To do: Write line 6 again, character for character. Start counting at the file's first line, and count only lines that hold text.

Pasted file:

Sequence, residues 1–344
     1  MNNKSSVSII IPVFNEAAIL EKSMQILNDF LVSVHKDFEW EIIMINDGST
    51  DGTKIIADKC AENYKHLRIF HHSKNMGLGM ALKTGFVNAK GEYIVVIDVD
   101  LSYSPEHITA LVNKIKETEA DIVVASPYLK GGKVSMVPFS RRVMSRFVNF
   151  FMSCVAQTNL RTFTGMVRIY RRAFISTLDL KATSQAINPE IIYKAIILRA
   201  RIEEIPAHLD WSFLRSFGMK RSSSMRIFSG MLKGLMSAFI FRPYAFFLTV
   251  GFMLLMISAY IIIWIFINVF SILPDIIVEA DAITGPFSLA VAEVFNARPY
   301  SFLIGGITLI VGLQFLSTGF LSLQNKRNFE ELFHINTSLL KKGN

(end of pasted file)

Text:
   201  RIEEIPAHLD WSFLRSFGMK RSSSMRIFSG MLKGLMSAFI FRPYAFFLTV